Leadership & Productivity
Being a female CEO in a male-dominated company
6 min read
06 March 2019
Despite the depressing statistics, being a successful female CEO in a male-dominated company is absolutely achievable.
The latest female FTSE benchmarking report reveals that the number of women in top boardroom positions fell in 2018, with just 30 women in full-time executive roles at FTSE 250 firms. This gender bias is apparent from the moment women start work, according to the most recent Women in the Workplace study. Their 2018 survey found that women make up 31% of employees at graduate level, 27% of managers, 26% of senior managers or directors, 24% of VPs and only 19% of senior vice presidents or the c-suite.
Those who do reach the top find that challenging perceptions is a fact of life. Rather than being judged on merit, female CEOs are routinely expected to display contradicting traits, and recent academic research identified the paradox women leaders face: they are expected to be demanding but caring, authoritative yet participative, self-advocating while at the same time other-serving, and distant but also approachable.
Women leaders face a dichotomy – if they display authority they are described as aggressive if they show compassion they are seen as weak and emotional.
But despite the depressing statistics, being a successful female CEO in a male-dominated company is absolutely achievable.
With the right tools and techniques, it is possible to achieve a balance. And, despite the disadvantages faced by women who reach the top, it is possible to turn these supposedly “negative” traits into a positive leadership style that will benefit the whole organisation.
Be demanding and caring
There’s a big difference between being unrealistically demanding, and stretching people to achieve their – and your – goals. The key is to help people focus on self-development, rather than giving them punishing schedules that are impossible to achieve. Ruling with a rod of iron may achieve short-term gains, but the result will be poor morale, high turnover of staff and the associated costs of recruitment.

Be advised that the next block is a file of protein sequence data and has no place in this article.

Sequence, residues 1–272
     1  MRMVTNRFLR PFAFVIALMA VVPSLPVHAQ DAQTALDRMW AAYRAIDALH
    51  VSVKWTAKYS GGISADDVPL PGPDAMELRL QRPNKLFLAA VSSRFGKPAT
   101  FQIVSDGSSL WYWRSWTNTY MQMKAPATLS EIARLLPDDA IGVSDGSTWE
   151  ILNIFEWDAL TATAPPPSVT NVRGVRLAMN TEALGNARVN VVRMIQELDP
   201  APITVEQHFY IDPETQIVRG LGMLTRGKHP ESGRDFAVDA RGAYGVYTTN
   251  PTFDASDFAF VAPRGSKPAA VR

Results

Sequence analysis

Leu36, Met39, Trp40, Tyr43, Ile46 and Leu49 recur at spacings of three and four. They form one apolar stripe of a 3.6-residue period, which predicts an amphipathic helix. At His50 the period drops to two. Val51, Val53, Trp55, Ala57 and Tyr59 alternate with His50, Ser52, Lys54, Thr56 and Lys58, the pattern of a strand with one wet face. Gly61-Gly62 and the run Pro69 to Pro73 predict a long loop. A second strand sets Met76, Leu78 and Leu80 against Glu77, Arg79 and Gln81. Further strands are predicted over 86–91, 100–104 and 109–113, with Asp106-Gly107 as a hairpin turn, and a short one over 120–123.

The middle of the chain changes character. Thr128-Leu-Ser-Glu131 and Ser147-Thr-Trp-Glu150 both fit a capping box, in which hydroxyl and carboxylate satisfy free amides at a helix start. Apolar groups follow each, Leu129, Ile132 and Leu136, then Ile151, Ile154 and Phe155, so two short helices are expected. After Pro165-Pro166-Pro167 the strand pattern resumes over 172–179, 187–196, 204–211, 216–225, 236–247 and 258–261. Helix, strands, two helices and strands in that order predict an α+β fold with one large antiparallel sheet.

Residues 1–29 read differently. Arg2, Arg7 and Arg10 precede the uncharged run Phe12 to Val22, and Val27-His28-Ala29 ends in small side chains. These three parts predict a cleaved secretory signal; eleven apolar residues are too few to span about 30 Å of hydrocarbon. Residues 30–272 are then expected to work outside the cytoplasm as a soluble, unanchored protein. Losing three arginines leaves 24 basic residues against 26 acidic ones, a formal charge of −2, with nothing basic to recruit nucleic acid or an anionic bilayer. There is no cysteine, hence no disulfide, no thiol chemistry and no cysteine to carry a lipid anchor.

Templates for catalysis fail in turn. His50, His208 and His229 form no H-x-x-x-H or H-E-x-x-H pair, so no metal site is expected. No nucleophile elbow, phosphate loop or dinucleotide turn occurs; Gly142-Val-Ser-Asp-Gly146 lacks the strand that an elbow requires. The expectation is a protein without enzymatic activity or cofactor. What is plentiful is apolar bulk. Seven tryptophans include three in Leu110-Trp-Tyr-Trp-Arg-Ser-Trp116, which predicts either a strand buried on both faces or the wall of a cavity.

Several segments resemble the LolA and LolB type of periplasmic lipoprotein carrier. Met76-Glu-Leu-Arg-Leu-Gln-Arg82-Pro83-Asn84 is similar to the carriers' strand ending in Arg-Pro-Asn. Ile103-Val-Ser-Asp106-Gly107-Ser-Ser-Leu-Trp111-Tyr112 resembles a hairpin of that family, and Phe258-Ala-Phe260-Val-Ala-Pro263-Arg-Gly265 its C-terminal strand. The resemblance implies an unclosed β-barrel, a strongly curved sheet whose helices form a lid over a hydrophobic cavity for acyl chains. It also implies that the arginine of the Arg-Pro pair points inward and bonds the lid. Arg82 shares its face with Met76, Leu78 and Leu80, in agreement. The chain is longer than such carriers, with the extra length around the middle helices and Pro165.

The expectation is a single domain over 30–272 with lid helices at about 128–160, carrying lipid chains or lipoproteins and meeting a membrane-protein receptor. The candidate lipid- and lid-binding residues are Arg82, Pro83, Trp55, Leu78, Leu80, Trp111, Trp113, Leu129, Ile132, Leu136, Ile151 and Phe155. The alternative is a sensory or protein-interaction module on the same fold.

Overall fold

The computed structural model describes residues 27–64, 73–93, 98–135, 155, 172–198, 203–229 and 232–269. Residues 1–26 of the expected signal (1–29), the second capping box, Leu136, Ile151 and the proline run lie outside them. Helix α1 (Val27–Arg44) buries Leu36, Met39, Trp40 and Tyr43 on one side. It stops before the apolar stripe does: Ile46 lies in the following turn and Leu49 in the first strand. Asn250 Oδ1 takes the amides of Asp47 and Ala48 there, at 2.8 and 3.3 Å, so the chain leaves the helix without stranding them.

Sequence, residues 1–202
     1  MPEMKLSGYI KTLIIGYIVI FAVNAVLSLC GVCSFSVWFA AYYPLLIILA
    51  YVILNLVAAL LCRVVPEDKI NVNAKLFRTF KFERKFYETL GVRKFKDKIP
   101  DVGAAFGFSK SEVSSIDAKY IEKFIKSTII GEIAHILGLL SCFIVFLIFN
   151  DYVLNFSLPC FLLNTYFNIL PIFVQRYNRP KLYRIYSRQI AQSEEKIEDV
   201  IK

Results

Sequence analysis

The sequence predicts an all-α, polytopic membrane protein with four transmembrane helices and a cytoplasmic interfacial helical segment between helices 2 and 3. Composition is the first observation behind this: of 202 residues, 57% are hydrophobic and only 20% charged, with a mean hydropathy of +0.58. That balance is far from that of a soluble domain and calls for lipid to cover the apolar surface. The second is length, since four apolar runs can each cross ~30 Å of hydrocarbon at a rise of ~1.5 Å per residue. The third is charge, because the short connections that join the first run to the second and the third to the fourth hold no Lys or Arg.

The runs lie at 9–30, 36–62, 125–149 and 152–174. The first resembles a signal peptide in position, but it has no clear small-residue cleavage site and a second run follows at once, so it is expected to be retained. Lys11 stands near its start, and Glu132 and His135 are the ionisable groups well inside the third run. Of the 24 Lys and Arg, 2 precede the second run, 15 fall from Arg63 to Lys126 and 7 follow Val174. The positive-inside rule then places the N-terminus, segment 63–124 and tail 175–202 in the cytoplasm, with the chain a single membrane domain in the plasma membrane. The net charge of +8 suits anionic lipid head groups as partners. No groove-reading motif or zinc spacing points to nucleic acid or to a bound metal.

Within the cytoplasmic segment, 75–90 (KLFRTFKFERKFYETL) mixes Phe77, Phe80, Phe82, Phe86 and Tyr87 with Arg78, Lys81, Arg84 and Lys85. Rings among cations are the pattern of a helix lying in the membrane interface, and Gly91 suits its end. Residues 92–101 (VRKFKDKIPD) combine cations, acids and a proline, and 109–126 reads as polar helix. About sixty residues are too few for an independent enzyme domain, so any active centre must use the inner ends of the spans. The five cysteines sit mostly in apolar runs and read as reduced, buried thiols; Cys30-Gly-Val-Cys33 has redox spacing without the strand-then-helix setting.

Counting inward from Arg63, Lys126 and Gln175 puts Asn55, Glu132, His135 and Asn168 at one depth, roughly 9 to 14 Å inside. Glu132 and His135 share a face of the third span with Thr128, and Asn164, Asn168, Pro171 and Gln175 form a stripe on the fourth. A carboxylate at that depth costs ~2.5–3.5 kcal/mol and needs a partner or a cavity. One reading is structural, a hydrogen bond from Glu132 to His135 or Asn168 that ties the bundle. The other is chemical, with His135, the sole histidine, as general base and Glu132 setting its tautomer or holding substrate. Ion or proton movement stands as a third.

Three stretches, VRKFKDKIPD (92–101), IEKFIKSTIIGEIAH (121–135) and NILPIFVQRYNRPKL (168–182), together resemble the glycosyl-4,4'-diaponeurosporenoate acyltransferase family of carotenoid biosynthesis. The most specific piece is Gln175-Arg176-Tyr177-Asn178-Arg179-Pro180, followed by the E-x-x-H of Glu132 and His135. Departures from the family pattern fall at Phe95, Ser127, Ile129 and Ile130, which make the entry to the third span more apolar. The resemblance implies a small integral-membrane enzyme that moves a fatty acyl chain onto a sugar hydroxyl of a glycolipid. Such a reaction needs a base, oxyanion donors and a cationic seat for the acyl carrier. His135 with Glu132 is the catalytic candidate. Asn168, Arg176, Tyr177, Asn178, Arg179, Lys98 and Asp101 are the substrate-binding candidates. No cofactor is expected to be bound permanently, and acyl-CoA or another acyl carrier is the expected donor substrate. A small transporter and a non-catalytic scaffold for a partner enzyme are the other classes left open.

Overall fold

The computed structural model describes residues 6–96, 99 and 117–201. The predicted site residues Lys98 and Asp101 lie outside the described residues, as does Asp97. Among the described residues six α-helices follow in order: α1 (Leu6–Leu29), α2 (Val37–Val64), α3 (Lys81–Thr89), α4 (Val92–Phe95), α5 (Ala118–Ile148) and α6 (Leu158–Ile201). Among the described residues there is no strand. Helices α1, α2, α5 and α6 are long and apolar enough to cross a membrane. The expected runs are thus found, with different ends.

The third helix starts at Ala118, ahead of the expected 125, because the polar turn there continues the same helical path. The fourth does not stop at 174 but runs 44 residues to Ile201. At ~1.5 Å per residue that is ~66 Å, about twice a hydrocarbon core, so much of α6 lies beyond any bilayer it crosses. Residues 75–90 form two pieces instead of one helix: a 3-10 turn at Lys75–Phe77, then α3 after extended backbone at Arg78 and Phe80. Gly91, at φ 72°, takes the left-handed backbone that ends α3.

While large multi-nationals may be able to absorb these costs, in an SME they can quickly sink a struggling organisation. Giving people clear objectives, but also ensuring they have the tools, resources and support they need to achieve them, will result in a team that is stretched and fulfilled, not pushed to the limit.
Be authoritative yet participative
It’s never a good idea to try and be everyone’s best friend when you’re a leader, but neither is it effective to be cold and distant. Authority is about setting vision and clarity – where are we going and how will we get there? Giving your team precise objectives to focus on and ensuring that you include their views and ideas about how you achieve those goals creates strong and impactful leadership.
Effective leaders don’t dictate – they ask, they listen and then they make informed decisions. The people who are delivering results are often those with the most insight into what works and what doesn’t in practice. Giving them a voice and listening to their opinions fosters healthy relationships with a team that respect your position as CEO.
Advocate for yourself while serving others
When you’re a CEO in an SME, the buck stops with you. But we all need to develop personally – otherwise, we become stale and stuck in our ways. It’s not self-serving to have personal aspirations, and it’s important to seek out someone who you can discuss your own successes and shortcomings with.
A trusted mentor or coach can help you to recognise where you need to improve and congratulate you on your achievements – and don’t be afraid to shout about the latter. If you share your successes with your team, thank them for their support and make it clear you are there to help them achieve their own goals, your successes become their successes.
Maintain a distance but be approachable
The ability to communicate effectively at all levels is the most important skill for any leader. An elusive CEO who’s rarely seen outside the boardroom will struggle to gain the respect of their team – an ‘us and them’ mentality is not an effective way to build a strong culture. Leading by example, setting clear objectives and encouraging feedback will ensure you are a strong influencer with integrity.
Pay it forward
Finally, if you’ve broken the glass ceiling and got to the pinnacle of your career, the best way to ensure that others can do the same is by sharing your experiences.
Demonstrating competence isn’t bragging – it’s simply sharing your successes and giving other women a role model. Take it one step further and identify more junior women who show promise and offer to mentor them. It will help them to see that it is possible to overcome their own personal barriers and go a long way in helping to address the imbalance in the boardroom.